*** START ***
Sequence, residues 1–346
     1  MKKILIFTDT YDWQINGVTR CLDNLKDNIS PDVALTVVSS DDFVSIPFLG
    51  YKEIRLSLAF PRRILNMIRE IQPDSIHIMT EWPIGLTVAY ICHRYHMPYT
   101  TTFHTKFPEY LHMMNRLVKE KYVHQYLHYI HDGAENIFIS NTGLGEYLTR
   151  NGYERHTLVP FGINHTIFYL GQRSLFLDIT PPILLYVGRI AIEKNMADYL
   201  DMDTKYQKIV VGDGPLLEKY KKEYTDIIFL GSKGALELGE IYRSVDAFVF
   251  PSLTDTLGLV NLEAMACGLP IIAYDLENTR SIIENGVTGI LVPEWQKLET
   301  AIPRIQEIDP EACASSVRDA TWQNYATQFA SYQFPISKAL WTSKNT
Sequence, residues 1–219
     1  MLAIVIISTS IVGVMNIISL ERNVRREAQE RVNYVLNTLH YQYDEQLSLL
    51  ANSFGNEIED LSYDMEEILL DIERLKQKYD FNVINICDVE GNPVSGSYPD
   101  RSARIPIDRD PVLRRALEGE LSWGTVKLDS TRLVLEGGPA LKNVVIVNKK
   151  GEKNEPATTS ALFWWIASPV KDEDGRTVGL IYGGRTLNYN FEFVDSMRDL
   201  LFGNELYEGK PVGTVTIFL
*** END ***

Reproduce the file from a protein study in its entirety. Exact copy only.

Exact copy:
Sequence, residues 1–346
     1  MKKILIFTDT YDWQINGVTR CLDNLKDNIS PDVALTVVSS DDFVSIPFLG
    51  YKEIRLSLAF PRRILNMIRE IQPDSIHIMT EWPIGLTVAY ICHRYHMPYT
   101  TTFHTKFPEY LHMMNRLVKE KYVHQYLHYI HDGAENIFIS NTGLGEYLTR
   151  NGYERHTLVP FGINHTIFYL GQRSLFLDIT PPILLYVGRI AIEKNMADYL
   201  DMDTKYQKIV VGDGPLLEKY KKEYTDIIFL GSKGALELGE IYRSVDAFVF
   251  PSLTDTLGLV NLEAMACGLP IIAYDLENTR SIIENGVTGI LVPEWQKLET
   301  AIPRIQEIDP EACASSVRDA TWQNYATQFA SYQFPISKAL WTSKNT
Sequence, residues 1–219
     1  MLAIVIISTS IVGVMNIISL ERNVRREAQE RVNYVLNTLH YQYDEQLSLL
    51  ANSFGNEIED LSYDMEEILL DIERLKQKYD FNVINICDVE GNPVSGSYPD
   101  RSARIPIDRD PVLRRALEGE LSWGTVKLDS TRLVLEGGPA LKNVVIVNKK
   151  GEKNEPATTS ALFWWIASPV KDEDGRTVGL IYGGRTLNYN FEFVDSMRDL
   201  LFGNELYEGK PVGTVTIFL